CRP Students Win Planning Gaming Contest
Planning graduate students Kushan Dave (M.R.P. '15) and Nicolas Grefenstette (M.R.P. / M.L.A. '16) are the winners of the Tygron Student Contest, a competition that challenged student planners to build their own "Serious Game," or spatial tasking prototype, using Tygron 3D technology in the Tygron Engine.
Tygron, which was founded in 2005 as a spinoff from the Delft University of Technology, created their Serious Games to allow stakeholders to experiment, plan, and negotiate better solutions for city designs and development projects.
Dave and Grefenstette's submission was based on work they developed in the AAP NYC fall 2014 Urban Design Studio, taught by visiting faculty Adam Lubinsky, Claire Weisz, and Jacob Dugopolski of WXY Architecture and Urban Design. The studio examined the critical challenges facing public housing in New York City, and focused on new approaches to engagement processes that would integrate urban design, planning, and real estate economics. The studio worked closely with Tygron, and students formed teams to create a multi-player engagement tool that would allow different perspectives to be considered.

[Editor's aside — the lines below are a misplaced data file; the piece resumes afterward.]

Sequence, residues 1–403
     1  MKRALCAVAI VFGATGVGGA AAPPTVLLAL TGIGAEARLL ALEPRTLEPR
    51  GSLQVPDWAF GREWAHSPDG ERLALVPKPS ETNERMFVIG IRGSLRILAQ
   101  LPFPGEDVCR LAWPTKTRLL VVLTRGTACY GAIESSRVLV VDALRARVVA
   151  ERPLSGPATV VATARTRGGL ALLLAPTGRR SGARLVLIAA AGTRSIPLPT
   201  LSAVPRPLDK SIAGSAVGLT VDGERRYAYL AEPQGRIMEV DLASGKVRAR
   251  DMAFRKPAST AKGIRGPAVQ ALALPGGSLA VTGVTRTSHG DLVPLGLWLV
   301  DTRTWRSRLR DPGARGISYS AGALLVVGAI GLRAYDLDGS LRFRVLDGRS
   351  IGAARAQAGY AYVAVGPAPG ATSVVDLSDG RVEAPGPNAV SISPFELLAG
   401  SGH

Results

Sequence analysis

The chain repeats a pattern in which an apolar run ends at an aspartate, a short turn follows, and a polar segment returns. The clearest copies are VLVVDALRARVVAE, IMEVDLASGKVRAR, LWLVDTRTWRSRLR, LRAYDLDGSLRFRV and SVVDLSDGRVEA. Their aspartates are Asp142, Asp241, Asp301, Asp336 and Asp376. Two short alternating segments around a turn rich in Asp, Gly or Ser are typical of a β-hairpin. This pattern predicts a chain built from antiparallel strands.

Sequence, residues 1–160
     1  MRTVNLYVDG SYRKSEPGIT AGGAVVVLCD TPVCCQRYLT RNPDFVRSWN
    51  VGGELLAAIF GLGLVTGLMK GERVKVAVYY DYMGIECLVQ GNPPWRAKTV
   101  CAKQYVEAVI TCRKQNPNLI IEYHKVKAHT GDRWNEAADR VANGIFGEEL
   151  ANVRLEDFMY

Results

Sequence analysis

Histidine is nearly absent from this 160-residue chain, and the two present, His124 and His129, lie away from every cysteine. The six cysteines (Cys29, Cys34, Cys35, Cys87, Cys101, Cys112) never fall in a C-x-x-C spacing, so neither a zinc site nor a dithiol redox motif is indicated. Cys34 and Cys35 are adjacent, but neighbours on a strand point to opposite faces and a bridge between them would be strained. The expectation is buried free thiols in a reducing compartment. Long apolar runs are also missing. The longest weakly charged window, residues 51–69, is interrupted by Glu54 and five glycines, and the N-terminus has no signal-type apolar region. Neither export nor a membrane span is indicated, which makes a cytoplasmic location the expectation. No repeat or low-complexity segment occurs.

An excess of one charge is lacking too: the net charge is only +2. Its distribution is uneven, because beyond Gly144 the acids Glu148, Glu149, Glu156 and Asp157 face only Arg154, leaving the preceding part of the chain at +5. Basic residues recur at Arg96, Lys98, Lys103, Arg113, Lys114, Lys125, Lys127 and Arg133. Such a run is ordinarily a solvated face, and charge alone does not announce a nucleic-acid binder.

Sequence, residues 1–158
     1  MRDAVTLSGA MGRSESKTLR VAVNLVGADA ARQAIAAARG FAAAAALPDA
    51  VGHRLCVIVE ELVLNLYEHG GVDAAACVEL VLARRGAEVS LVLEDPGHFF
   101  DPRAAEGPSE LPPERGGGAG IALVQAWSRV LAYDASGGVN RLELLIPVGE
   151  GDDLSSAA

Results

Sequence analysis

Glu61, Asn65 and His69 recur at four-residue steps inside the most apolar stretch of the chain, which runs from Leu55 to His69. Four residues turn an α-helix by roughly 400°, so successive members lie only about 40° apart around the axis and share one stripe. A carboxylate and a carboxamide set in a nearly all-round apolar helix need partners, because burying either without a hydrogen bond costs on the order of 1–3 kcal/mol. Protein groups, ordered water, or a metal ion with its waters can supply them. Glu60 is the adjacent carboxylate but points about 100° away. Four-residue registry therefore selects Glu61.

Titled L.E.S. is More, Dave and Grefenstette's project explored the impact of the transfer of development rights (TDR) in the Lower East Side in Manhattan. L.E.S. is More focused on policy approaches that would allow the New York City Housing Authority (NYCHA) to raise revenues in order to repair buildings and address residents' needs.
"We wanted to see how we could use the software in a different way," says Grefenstette. "Traditionally, it's used to explore trade-off relationships or spark conversations over ownership and zoning. Our project allows the user of the software to explore use of the available air rights from NYCHA properties, and leverage their sale to promote market rate and affordable development in the Lower East Side."
"Our project also allowed for use of the revenue generated by TDR sales to offset NYCHA's outstanding maintenance issues that can help reduce its operating deficit," says Dave.
"This innovative approach has never been used as a way of supporting affordable housing," says Lubinsky. "I was impressed by [Dave and Grefenstette's] use of the Tygron game in terms of capturing a wide set of issues that could be seen and discussed in parallel with each other. Several architects, planners and city officials who reviewed their work were impressed by their ability to show the key trade-offs involved through the Tygron platform."
Dave and Grefenstette were awarded a €1,000 prize.
By Rebecca Bowes